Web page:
By Susan D. Decker
Walking one morning into the Seattle VA Medical Center, I encountered a procession of staff and family members who were accompanying the body of a deceased veteran, an American flag draped over the gurney. I stopped, along with everyone else in the hallway, the strains of a harmonica breaking the silence. Some placed their hands over their hearts; others saluted.
This is one of many encounters that are unique to the VA. Whether strolling through the “marketplace” where vendors sell military memorabilia or walking through the entrance, where veteran volunteers respectfully greet patients and visitors, one is acutely aware of a culture of dignity and respect.
I completed two units of CPE and a yearlong residency at VA Puget Sound. As chaplain interns, we were integrated into the fabric of the chaplain office. We gathered for prayer every morning. As a Catholic, I offered Holy Communion to our Catholic patients. The chaplain corps, along with other medical staff, are a community of providers, who honor the sacrifices that our veterans have made in the name of country.
Many years earlier, my father had spent several months at that same medical center. Like many of the veterans I met, he had suffered his entire adult life from psychological, emotional, and spiritual wounds he had experienced as a Marine in World War II. Like today’s most vulnerable returning veterans, he was never able to fully integrate back into society or realize his dreams for his post-war life. The psychological and spiritual wounds he carried affected him and our family deeply. However, in no way did they diminish my memory of him and his intrinsic goodness as a child of God.
Sebastian Junger, in his book Tribe: On Homecoming and Belonging, writes about the difficulty that veterans often experience upon reentry into civilian life. During wartime, veterans rely on each other for safety and protection. They have a strong sense of belonging and purpose, which may disappear upon returning home. Junger posits that a veteran may experience an existential crisis, where questions about one’s personal and social identities may interfere with one’s ability to regain a foothold in society.
The effects of war on returning soldiers have been well documented. Many veterans suffering from post-traumatic stress disorder and other mental illnesses often end up in the psychiatric unit for several days or weeks. I met many such patients there who were homeless. Many exhibited the physical signs of having had a difficult life, fraught with health problems and isolation from relationships and community. Some shared stories about the support and value of their family life, how relationships had helped them reenter civilian life after military service. I remember one oncology patient who credited his Jesuit background for having brought him back from despair after the Vietnam War. The majority, however, and especially war veterans, seemed to have suffered great loss of independence, relationships, and economic stability. These were the soldiers I met in the psych unit.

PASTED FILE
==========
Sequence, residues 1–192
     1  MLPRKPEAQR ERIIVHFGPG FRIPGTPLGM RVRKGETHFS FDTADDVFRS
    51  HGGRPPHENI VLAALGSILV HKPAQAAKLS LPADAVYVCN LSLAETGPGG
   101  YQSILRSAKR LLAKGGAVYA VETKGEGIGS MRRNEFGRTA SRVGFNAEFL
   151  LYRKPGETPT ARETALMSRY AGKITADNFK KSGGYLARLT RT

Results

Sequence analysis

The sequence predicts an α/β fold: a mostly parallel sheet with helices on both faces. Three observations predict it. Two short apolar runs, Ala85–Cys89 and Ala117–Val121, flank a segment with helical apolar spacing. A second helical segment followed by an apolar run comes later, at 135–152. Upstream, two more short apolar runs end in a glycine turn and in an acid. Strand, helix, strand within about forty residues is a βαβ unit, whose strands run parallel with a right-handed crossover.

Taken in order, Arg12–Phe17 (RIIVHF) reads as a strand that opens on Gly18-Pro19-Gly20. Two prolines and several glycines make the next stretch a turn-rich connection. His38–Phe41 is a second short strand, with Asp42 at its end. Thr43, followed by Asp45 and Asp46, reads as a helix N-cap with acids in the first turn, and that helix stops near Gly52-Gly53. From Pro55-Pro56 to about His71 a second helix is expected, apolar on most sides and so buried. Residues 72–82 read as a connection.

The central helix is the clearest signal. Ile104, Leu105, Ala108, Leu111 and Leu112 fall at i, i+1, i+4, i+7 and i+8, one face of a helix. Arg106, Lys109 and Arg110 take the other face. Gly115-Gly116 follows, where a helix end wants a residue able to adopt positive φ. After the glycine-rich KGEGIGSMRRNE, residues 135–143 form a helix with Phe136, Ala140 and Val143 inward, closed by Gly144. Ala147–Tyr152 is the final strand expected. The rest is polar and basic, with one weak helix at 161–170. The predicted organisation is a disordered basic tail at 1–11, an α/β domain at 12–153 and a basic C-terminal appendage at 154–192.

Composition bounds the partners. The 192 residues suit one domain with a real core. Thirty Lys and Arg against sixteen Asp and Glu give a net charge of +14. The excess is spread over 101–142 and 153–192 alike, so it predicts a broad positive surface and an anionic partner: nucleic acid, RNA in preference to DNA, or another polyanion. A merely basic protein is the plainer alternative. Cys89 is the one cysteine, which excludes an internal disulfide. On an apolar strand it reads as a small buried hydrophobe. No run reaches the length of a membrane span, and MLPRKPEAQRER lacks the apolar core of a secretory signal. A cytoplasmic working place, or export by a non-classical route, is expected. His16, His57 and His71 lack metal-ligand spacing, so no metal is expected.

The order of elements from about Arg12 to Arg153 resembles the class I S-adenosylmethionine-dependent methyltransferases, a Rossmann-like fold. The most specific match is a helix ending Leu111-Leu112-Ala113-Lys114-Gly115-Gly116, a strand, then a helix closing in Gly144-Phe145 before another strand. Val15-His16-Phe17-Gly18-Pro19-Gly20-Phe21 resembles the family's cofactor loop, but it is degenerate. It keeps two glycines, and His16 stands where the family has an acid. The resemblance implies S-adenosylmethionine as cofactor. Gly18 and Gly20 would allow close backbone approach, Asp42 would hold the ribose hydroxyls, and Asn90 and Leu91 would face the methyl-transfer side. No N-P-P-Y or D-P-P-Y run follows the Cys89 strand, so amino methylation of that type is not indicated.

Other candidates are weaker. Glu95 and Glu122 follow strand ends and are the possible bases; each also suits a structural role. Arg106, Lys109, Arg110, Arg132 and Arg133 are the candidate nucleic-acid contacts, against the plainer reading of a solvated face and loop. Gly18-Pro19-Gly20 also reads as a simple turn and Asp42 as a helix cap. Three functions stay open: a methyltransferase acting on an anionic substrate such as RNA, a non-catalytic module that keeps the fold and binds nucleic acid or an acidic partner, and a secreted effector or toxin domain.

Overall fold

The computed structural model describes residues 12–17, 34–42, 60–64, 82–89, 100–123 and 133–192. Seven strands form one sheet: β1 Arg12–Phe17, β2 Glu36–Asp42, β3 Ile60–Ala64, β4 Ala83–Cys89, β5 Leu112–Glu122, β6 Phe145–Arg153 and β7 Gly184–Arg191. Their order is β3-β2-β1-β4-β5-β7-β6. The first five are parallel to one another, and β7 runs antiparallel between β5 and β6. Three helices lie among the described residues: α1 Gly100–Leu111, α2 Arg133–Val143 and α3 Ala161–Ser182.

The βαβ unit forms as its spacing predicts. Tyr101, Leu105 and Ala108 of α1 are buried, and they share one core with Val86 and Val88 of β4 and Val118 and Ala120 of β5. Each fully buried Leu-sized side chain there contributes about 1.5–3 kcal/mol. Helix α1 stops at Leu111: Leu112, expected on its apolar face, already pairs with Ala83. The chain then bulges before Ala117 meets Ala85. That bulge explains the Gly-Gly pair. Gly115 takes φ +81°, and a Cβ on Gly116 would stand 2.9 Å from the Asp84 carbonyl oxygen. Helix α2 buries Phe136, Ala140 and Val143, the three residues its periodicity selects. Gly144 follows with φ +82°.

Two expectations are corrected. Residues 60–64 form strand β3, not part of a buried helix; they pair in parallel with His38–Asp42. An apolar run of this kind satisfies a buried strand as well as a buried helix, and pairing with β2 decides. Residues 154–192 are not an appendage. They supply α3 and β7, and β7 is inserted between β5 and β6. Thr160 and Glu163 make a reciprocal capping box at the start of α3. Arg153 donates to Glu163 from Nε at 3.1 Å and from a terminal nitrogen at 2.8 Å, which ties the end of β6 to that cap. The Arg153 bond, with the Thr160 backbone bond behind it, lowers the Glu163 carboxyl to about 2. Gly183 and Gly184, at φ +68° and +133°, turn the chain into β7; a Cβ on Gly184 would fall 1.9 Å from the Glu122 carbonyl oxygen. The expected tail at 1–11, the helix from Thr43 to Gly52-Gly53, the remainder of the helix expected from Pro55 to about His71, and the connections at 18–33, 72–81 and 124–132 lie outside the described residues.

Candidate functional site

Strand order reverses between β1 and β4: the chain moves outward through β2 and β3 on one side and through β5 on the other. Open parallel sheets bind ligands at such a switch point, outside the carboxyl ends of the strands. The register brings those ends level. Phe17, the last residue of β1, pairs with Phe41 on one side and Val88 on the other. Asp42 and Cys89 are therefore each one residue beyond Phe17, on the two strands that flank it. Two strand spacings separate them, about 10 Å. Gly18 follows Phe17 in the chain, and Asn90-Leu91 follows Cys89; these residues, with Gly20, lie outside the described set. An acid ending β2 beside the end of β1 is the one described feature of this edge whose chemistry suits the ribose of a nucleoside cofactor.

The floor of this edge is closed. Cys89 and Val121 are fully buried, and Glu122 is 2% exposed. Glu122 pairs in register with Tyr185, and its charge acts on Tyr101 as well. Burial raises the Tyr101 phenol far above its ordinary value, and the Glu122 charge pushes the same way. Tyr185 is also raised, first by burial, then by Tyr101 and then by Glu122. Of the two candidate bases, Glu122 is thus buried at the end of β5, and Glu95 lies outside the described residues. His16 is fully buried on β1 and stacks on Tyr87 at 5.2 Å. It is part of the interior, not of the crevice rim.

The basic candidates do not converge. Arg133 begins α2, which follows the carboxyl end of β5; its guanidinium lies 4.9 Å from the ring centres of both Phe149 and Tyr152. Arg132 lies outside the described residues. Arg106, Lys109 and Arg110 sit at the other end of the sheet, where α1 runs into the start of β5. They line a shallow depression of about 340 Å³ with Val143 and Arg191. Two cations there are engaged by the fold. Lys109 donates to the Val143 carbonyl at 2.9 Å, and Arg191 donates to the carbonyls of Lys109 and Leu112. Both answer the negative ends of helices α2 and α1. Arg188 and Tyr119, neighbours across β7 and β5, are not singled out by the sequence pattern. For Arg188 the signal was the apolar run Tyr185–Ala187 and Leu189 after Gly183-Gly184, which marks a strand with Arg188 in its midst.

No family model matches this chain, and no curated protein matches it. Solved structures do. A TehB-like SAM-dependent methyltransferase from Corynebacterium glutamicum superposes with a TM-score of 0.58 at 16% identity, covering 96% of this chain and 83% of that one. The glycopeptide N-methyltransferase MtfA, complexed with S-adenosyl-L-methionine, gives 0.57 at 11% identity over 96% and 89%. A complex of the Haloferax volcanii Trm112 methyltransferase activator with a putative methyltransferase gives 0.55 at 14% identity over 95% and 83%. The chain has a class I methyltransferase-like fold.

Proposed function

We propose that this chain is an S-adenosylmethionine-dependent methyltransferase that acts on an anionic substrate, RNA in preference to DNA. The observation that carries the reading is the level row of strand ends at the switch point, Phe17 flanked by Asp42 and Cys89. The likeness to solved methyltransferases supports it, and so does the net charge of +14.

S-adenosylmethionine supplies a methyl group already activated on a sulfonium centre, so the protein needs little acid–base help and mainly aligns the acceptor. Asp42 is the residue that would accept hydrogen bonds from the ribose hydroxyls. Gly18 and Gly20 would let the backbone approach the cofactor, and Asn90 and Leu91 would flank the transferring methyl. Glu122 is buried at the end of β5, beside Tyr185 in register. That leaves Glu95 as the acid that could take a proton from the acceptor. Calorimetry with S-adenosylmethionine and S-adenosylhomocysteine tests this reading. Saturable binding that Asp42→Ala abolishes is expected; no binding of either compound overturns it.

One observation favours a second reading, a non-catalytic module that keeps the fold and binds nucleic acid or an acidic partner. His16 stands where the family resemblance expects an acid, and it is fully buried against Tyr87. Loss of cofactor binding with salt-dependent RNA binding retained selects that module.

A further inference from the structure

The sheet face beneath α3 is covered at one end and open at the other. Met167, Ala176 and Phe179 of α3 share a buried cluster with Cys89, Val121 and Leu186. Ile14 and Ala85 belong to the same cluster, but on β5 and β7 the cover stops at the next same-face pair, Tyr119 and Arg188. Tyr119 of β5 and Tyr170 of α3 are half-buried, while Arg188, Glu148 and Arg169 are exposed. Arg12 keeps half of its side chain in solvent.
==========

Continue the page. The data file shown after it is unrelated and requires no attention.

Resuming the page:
It was within this context that I found my most rewarding and challenging visits. My CPE supervisor held weekly hands-on art activities as a way of creating community among veterans. Patients were invited to paint masks or canvases, color, or just sit and join in conversation. Soft background music contributed to a creative and friendly environment.
Conversation inevitably centered on veterans’ shared personal experiences of being in the military and combat. The instant camaraderie was palpable. Creating art became the vehicle for self-expression. At the end of each session, patients voluntarily shared the feelings that had been evoked from creating their art. For some, it was their first opportunity for self-reflection and expression. I’ll never forget the day when one veteran disclosed, in a quiet manner while painting a mask, his plans to end his life. That revelation was the beginning of a long-term treatment plan that helped save his life.
While the majority of psychiatric patients were male, there were also women, suffering from PTSD and often from sexual harassment and abuse. I remember clearly how one female veteran, after expressing her anger on canvas, decided to pursue her unrealized dream of becoming an artist.
Jesus Christ’s public life was a ministry of hope. As chaplains, we are called in imitation to Christ to offer hope. We, as Catholics, profess that every human life is sacred and that all people are created in the image and likeness of God. Our veterans deserve our respect and care, for their dignity and worth cannot be diminished by any condition.
Susan D. Decker, MAPS, BCC is a per diem chaplain at the Seattle Cancer Care Alliance.